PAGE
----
LaRue Roth, Victoria Convention and Visitors Bureau director, said in an email that, for the most part, Winter Texans come to Victoria for daytrips from the Rio Grande Valley or the Rockport/Corpus Christi area.

However, some stay in Victoria as because of its central location.

“One couple from Iowa, who stopped in last week, said they picked Victoria because it was ideally located about two hours from Houston, Corpus, Austin and San Antonio,” Roth said. “They brought their motorcycles along and planned to do day trips to those cities and other smaller towns in the area.”

Jim Goinz, 68, of Bemidji, Minn., has a simple philosophy to surviving northern winters – leave.

He and his girlfriend, Vikki Devich, 60, also of Bemidji, in Victoria, Texas have escaped northern winters together for six years. This was their first in Texas.

They went to Alabama, Florida, Phoenix, trying to find the perfect climate.

“Everywhere we went wasn’t warm enough,” Goinz said.

While sitting under the sun at The PumpHouse Restaurant’s riverside patio in Victoria, the two agreed to come back and stay in Rockport again next year.

“We don’t want to be here in the summertime,” Devich said. “For us, this is the time to be away.”

Goinz said the weather is not the only perk. Because January through March is considered off-season along the Texas coast, they save financially.

Goinz said they found Victoria online and decided to make a day-trip out of it.

“We didn’t know what to expect,” he said. “If we don’t see everything we wanted, we’ll come back.”

They plan to make the 1,700-mile trek back home at the end of the month.

“Sometimes I get a little homesick,” Devich said. “But then I remind myself that it’s not warm there.”

 

City May Modify RV Parks’ Water Bills

February 10, 2012 by · Comments Off on City May Modify RV Parks’ Water Bills 

Members of the San Benito, Texas, Utility Board will recommend that the city modify a controversial $10 monthly base water service fee imposed on RV parks for each lot, board members said Thursday (Feb. 9).

But board Chairman Pete Claudio declined to elaborate on how the water fee ordinance could be modified, and City Attorney Rick Morado did not return phone calls about his recommendation on the measure’s legality, the Brownsville Herald reported.

Another board member suggested the ordinance could be suspended until the matter is resolved.

Claudio said the issue has escalated tensions between Winter Texans and the city but he predicts the issue will be resolved soon.

“We had a meeting in executive session (Wednesday) and we went over the language of the law,” Claudio said. “The only thing I could tell you out of executive session is that the decision was made in open session to make a recommendation to the commission to modify the ordinance … to be compliant to state law.”

RV park residents say the water fee ordinance violates state law by charging for every lot, whether occupied or not.

If the City Commission adopts the Utility Board’s recommendation, the controversy should be over soon, Claudio said.

“We don’t want to divulge too much because the commission still has to approve it,” Claudio said. “But as far as our committee, we’ll make a recommendation to the commission, but they still have to approve it.”

Utilities Board member Victor Garza said the present ordinance may be suspended for now.

“We need to make sure it’s in compliance with the state and federal guidelines,” he said. “Local residents and businesses have to pay a base fee plus usage. … We want to do what’s fair for everybody,” Garza said.

The exact wording of the modification is still being worked out by Morado, Claudio said.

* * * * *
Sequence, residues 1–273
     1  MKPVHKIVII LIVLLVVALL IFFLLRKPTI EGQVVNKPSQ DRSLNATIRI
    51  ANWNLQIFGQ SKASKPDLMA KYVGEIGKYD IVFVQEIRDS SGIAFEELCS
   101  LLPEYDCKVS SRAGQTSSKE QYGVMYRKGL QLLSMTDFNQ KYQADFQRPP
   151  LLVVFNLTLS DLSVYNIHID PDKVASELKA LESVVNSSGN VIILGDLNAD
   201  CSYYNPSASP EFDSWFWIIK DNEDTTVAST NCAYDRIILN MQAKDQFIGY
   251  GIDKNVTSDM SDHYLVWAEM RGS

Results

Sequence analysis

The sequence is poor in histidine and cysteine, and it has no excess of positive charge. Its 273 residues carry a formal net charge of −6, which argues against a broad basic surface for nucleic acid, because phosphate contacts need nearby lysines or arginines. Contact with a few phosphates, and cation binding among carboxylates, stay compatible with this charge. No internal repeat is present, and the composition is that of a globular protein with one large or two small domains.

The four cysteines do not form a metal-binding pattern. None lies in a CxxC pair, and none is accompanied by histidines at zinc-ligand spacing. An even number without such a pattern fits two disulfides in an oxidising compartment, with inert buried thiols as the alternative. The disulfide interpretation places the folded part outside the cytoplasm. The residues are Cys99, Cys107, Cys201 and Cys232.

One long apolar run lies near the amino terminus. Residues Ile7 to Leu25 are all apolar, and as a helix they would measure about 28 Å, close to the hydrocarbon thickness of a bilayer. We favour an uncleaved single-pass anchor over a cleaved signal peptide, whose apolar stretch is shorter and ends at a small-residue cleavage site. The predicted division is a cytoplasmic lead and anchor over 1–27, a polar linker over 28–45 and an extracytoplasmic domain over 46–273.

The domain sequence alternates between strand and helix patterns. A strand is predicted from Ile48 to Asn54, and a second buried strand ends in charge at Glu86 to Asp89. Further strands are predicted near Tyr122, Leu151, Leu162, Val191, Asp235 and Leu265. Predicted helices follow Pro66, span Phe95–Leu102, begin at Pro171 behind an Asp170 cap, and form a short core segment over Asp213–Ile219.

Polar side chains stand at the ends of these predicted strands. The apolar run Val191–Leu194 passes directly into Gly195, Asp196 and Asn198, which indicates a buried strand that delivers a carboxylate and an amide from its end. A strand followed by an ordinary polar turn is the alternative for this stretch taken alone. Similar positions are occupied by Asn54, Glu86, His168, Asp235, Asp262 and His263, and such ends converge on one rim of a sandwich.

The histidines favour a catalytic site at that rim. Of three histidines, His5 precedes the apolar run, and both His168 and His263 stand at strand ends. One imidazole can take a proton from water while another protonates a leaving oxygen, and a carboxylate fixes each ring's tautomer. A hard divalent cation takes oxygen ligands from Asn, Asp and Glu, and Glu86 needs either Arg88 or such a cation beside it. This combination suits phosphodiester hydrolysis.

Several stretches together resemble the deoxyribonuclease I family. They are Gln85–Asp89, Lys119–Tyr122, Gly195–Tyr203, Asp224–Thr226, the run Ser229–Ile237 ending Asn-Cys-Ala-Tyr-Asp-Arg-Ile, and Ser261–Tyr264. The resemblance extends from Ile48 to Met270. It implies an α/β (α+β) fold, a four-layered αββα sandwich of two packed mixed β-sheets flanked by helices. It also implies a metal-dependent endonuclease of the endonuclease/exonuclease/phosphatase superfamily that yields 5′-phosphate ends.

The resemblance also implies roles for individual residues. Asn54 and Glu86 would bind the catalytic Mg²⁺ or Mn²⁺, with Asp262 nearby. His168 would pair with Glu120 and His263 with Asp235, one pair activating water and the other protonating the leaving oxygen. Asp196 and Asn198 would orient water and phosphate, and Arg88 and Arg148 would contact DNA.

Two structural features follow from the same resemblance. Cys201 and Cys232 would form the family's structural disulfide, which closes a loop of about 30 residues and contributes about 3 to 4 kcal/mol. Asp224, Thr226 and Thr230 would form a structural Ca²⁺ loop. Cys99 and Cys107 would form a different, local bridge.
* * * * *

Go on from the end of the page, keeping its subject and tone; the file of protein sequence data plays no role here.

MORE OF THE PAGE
It would be prohibitively expensive to require RV lots to have separate water meters for each lot because tap fees would be charged for each site, Claudio said.

“That may be an option that we might consider doing down the road,” he said. “We might want to talk about it.

“But we’re not considering doing that at the moment because that would be pretty expensive for them and for the city.”

City Secretary Lupita Passement said no joint meeting between the Utilities Board and City Commission has yet been scheduled.

Although the issue has become controversial, the threat of Winter Texans boycotting local businesses doesn’t seem to have taken much effect, Claudio said.

“I don’t know if it’s had an effect. I do know that every time I go to Walmart or (to businesses) around here, I still see Winter Texans,” he said.

Rio Grande Valley Parks Feel ‘Winter Texan’ Drop-off

January 16, 2012 by · Comments Off on Rio Grande Valley Parks Feel ‘Winter Texan’ Drop-off 

A lackluster economy, drug violence in Mexico, fewer people retiring early and health concerns have caused a drop in the number of Winter Texans visiting Rio Grande Valley RV parks this season, park managers and residents say.

Numbers are down as much as 25% at many RV parks at the start of the season that runs from January through February, they said, The Monitor reported.

“They were great last year, but this year they’re down,” Barbara North, manager of First Colony Mobile and RV Park in San Benito, said.

First Colony has seen a 15% decrease due to the nation’s tough economy and fear of violence in Mexico, North said.

“The numbers have grown until this year,” she said.

In 2010, the number of Winter Texans reached a record high, with 144,000 driving to the Valley, said Penny Simpson, a professor who researches tourism at the University of Texas-Pan American.

The 2010 season saw numbers slowly rebounding from the slump that followed the

Sept. 11, 2001, terrorist attacks, she said. Before 9/11, the numbers had peaked at 143,000.

A summer 2011 survey of 130 Winter Texans hinted numbers could drop about 5% this winter, Simpson said.

“We were trying to get a feel if the numbers were down,” Simpson said.

The survey asked whether health, gas prices, the economy or violence and terrorism would influence Winter Texans’ decision to spend the winter in the Valley, Simpson said.